Honolulu is having an art moment. The Honolulu Biennial is raising awareness, new construction is providing opportunities, and established businesses are realizing art’s marketing potential. Without the benefit of traditional galleries, an alternative infrastructure has been preparing artists for this moment. HPR’s Noe Tanigawa traces how choice pieces, many representing Hawai‘i’s stories and culture, are appearing around town.
I met independent curator, artist, Trisha Lagaso Goldberg here in Kaka‘ako, the epicenter of Honolulu’s development boom.
“Corporations are trying to say, hey, you know, we’re a cool, hip place. We are committed to Hawai‘I, we are committed to this neighborhood. I’m saying this with a smile on my face and a little sarcasm there, but I imagine these are the kinds of stories their marketing departments want to communicate, right?”
We’re standing in front of Kamran Samimi’s 3D wind patterns on the blue wall around Howard Hughes’ ‘Ae’o construction site. Also featured on the wall, Lenny Kaholo’s photographs of locals and Ara Feducia’s graphics of ‘ae’o, the Hawaiian stilt, that was once plentiful in the area. This construction wall project was coordinated by the Hoomaikai Foundation, basically Maile Meyer and Na Mea Hawai‘i.
“That’s the good news. There‘s some momentum building.”
Meyer figured out a decade ago that capacity building and access to markets would be key to a vibrant art community, and she found believers.
“We just did whatever it took to make sure people got to see it. So the Sheraton, every day, thousands of people see Native Hawaiian art thanks to Kelly Sanders saying yes, and Rob Iopa from WCIT and Wayne Goo. Those guys believed we had enough quality to show. And we did. That’s business development for them, they’re not going to make any money on it, but in the end, the hilarious thing is, the Sheraton collection of Native Hawaiian art has probably doubled in value. So people who want bang for their buck from that standpoint, we ended up being a good investment.”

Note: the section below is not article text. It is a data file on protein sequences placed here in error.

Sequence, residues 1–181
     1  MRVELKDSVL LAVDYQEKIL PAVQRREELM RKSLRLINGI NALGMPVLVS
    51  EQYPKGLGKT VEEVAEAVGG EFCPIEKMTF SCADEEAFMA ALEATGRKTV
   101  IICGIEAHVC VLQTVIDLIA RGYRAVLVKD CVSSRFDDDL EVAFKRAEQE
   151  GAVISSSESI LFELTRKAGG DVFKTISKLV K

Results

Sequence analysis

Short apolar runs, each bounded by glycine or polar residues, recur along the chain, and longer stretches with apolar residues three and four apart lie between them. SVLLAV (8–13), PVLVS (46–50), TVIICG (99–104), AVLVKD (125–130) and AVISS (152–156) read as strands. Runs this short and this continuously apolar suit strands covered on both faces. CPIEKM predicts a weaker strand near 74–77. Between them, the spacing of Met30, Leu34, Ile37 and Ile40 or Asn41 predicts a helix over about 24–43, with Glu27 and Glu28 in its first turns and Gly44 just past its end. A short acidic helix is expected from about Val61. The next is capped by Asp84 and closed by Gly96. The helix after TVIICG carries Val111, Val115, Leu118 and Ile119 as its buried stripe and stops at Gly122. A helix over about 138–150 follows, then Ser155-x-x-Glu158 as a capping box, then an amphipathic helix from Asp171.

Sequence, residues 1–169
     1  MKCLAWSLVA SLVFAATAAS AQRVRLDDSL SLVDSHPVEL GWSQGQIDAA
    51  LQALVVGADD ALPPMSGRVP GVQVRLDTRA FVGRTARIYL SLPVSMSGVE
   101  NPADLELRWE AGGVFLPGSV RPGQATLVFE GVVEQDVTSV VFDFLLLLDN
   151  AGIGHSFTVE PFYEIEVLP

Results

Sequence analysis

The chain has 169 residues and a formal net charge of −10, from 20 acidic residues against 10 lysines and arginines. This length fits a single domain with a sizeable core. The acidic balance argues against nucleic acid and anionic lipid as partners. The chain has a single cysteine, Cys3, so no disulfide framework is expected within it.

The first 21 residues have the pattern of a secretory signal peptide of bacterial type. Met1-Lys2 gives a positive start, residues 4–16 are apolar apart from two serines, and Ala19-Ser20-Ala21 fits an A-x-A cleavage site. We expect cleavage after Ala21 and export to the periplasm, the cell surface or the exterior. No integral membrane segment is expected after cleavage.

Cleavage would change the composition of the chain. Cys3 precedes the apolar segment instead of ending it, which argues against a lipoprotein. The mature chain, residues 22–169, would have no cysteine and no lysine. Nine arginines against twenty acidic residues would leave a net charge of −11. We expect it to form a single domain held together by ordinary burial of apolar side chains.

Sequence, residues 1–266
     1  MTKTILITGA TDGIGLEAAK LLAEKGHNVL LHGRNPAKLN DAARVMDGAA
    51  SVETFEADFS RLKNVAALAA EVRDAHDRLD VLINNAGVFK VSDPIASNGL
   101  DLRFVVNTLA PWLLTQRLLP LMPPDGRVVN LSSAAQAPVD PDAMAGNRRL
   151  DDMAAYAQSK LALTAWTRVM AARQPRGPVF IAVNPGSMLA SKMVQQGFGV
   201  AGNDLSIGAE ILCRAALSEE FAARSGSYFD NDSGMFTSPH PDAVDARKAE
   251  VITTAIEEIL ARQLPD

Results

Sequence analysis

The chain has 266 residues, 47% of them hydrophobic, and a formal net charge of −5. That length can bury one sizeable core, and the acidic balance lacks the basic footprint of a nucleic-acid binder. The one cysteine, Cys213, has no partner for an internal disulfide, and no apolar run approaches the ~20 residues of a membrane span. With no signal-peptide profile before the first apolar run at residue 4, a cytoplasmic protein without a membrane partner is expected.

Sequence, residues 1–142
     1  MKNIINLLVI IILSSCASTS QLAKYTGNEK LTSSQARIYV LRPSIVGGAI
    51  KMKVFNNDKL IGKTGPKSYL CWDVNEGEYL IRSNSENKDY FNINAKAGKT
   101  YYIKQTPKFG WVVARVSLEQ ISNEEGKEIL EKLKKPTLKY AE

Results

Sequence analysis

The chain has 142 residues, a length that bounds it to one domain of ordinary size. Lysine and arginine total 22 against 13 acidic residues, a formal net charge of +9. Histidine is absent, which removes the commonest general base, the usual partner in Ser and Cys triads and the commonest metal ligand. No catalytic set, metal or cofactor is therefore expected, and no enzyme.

For years, Meyer and company mounted pop up exhibitions at the Council for Native Hawaiian Advancement conventions, hundreds of works up for a couple of days, but they were able to bring people.
“Then Disney basically went down there, saw all those artists and did that project. The Aulani has every one of them plus another forty.”
The Disney project was a milestone, but not without controversy. For many artists, however, shirt rending over selling out is vaporizing as quickly as shyness over self-promotion. For Meyer, it’s about moving forward.
“Someone has to give you an opportunity to create other opportunities and in our community, it’s always with community in mind.”
Community, that’s us. Our stories-look for them, heading down Ala Moana
Meyer: “Between Keawe and South Street, if they slow down, they’ll see Manaiaikalani, Maui’s Fishhook. Made by Kālā Ho, the shaft and the barb are hand carved basalt, it’s a five foot hook pulling out of the ground. Kālā is a cultural practitioner from Kualoa.”
“Right at the next corner, south and Ala Moana is Kawika Eskaran with the help of Jared Pere. Those two are from Punalu‘u, they are carvers at the Polynesian Cultural Center. Kawika Eskaran is a master canoe navigator and carver who made a beautiful lōkahi triad that talks about man, nature and the gods.”
Eskaran: “The history of Kaka‘ako is quite hurtful, from ancient past to present. Because of the occurences that were here, and some of the practices, there were luakini, where human sacrifices were performed in a location very close to here…”
Master carver Kawika Eskaran’s sculpture unites themes of peacemaking and wayfinding for those who know. We’ll hear his story next.
Also on Keawe Street, Pat Pinei of Mākaha has installed a hula trio at the entrance to A and B’s Collections condo.
Continue on Keawe Street to a rental property, the Flats at Puunui, where you can find a four story glass mural that changes color with the daylight. The Return of Lono by Solomon Enos is blues and greens during the day and reds and oranges at night.
Recently, a new construction wall went up at Ward Villages around Ke Kilohana, “Ward Village’s tower designed with kamaʻāina in-mind.” Ten local artists contributed their images of Kilohana, the tallest peak in the Koolaus. The featured artists: Ran Novack, Cory Kamehanaokala Taum, Meala Bishop, Kai’ili Kaulukukui, Jason Southard, Janetta Napp, Carl F.K. Pao, Keola Naka’ahiki Rapozo, Solomon Enos and Nanea Lum.